The Other Face of Privilege: An Ethiopian American Perspective by Amen Gashaw

Ethiopian Americans. (Photograph: Tadias archive)

Harvard Politics

By Amen Gashaw

The Other Face of Privilege

As a first-generation Ethiopian American who, while not overtly wealthy, has never worried about the status of her family’s financial stability, and as a resident of one of the most diverse regions in the country, racism had always felt like a distant concept. To my erroneously superficial understanding, while it did not seem as archaic as a mere relic of a bigoted history, I didn’t perceive racism to be of significant pertinence to our world. My neighbors thought I was Indian; waiters spoke to my mother in Spanish at restaurants, and more than half of my high school identified as a person of color, so for years, I’d unassumingly bubbled “Black” into standardized tests without truly internalizing the struggles that came with that label. Having never experienced or personalized the notion of racism and infrequently having been considered “Black” by my community upon first glance, I found myself in desperate need of the very re-education catered to many as “Dear White People.”

The inner dissonance I felt was not an individual occurrence. For a number of my close friends — many Black, all “minorities” — we collectively found that each of us felt relatively divorced from the intrinsic fear and dissatisfaction almost universal in the movement for racial justice. That is not to say that we were not angry — we were, but as objectively privileged spectators and critics of a blatantly unjust institution, rather than as victims of racially motivated prejudice.

To look at racism as an outsider, though, is to exclude oneself from a narrative that cares very little about personal experiences or perceptions. In truth, although relatively affluent people of color and children of immigrants may be brought up in environments starkly juxtaposing the African American canon, it is only a matter of time before one comes face to face with the experiential component of racial injustice. By then, every facet of the “privilege” found in such immigrant communities — exclusive cultural distinctions, communal disassociation, and microaggressive ignorance — will have been undermined by the harsh realities of a society that not only sees color but vilifies it.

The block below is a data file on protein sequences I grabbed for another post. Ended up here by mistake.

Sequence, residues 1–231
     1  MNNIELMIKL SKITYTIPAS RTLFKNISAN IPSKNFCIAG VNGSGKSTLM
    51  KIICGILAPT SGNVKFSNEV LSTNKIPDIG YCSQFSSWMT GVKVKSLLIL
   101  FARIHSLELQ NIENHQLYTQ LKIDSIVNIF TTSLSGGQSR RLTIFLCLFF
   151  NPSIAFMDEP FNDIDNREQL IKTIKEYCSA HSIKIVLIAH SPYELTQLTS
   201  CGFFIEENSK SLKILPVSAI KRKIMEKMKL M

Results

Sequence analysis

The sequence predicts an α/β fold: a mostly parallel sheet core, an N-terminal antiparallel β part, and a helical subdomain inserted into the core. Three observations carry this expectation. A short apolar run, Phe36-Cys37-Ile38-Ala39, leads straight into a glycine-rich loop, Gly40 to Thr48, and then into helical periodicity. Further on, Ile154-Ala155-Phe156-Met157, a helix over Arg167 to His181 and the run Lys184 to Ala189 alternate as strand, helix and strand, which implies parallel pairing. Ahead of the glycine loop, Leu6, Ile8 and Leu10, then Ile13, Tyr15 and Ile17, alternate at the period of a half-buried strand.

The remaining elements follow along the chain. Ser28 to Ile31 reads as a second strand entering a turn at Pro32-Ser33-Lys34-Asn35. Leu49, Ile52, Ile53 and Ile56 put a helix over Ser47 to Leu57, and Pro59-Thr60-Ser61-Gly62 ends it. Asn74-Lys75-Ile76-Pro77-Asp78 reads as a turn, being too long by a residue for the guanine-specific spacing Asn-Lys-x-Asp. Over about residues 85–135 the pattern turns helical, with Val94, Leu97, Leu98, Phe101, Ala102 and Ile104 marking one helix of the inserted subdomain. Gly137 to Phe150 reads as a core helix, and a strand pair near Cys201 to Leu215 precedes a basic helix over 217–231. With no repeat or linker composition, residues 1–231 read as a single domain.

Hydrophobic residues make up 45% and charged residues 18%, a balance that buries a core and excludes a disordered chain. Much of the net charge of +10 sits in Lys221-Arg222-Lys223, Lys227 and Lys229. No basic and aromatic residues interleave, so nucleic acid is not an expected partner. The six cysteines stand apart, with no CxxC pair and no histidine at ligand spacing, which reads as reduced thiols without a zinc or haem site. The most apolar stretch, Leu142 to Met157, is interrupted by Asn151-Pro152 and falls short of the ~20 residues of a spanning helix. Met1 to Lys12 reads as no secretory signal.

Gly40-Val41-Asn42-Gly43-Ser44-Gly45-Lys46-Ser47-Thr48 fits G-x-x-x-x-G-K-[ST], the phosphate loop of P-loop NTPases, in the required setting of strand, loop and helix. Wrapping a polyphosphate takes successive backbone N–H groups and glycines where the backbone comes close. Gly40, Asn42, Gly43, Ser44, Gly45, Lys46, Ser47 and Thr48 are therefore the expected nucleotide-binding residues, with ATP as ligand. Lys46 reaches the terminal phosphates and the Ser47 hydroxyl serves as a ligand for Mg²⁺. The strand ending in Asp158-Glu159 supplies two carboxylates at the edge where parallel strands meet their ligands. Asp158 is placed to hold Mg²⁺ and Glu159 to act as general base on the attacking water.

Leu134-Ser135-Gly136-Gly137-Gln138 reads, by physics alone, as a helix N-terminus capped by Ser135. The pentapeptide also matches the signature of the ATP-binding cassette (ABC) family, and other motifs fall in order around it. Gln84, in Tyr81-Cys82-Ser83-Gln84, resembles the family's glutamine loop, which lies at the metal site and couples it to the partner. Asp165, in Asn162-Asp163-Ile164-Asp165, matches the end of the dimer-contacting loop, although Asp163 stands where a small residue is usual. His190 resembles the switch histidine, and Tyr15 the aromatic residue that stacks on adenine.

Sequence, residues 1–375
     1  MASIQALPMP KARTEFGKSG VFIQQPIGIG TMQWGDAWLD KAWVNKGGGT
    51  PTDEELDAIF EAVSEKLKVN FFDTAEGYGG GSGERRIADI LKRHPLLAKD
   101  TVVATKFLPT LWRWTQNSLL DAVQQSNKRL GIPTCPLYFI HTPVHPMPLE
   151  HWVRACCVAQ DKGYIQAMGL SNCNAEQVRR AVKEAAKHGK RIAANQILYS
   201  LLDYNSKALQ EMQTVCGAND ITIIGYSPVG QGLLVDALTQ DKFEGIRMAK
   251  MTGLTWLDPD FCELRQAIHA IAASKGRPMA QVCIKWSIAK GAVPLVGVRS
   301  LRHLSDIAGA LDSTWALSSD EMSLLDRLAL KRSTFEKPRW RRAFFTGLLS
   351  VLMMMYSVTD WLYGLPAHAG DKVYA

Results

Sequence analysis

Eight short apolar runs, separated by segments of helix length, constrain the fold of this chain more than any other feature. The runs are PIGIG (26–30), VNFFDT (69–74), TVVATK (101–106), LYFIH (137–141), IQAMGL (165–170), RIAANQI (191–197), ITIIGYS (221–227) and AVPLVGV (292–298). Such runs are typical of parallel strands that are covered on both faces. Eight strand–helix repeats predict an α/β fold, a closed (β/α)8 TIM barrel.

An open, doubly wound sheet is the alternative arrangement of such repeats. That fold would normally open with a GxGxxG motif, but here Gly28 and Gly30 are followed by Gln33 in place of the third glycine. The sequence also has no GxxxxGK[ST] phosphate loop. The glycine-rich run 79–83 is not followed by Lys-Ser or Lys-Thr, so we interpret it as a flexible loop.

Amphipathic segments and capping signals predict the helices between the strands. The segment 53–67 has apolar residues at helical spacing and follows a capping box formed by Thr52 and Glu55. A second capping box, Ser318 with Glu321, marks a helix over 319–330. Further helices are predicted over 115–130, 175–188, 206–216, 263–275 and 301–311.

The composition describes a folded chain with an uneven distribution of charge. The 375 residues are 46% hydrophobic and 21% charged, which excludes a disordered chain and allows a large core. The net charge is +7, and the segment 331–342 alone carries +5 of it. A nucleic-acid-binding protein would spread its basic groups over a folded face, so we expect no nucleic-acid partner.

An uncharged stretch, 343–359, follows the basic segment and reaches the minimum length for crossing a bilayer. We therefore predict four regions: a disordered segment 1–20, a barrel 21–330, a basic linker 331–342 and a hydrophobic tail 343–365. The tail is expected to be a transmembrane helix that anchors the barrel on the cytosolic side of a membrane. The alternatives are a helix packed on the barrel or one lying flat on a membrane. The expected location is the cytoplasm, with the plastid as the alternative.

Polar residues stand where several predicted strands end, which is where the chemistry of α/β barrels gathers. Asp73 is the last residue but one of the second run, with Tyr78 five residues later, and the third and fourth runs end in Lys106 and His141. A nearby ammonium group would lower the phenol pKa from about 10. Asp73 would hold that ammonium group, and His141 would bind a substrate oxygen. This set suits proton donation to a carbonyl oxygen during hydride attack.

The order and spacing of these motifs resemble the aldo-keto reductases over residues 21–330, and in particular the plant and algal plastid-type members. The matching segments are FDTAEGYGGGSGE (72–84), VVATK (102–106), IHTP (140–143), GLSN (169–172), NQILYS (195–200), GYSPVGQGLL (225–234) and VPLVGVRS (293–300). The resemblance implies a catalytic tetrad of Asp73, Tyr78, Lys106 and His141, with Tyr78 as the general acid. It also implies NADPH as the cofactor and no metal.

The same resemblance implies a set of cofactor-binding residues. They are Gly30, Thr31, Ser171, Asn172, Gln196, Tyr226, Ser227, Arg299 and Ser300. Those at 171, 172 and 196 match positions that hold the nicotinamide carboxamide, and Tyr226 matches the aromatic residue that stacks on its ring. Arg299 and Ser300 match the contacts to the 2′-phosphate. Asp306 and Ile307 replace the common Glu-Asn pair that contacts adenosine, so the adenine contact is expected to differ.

Growing up, race was an almost nonexistent part of my socialization; after all, how could my parents teach me about a construct with which they, at least at the time, could not identify and were unfamiliar? As a second-generation immigrant, I had been conditioned to view myself as an exception to the racial “rules” that governed America. At home, I spoke Amharic with my parents, often ate traditional Ethiopian cuisine, wore uniquely “habesha” clothes on special occasions, and endured years of Amharic music blaring through our living room stereo. When out in public, there was an unmistakable camaraderie between my family and the odd Ethiopian passerby to whom we called “Selam” in unison. It would not be an understatement, then, to say that Black culture — vernacular English, hip hop, soul food — had no presence in my house, not out of intentional avoidance but because, truly, “Ethiopian American” and “African American” mean very different things.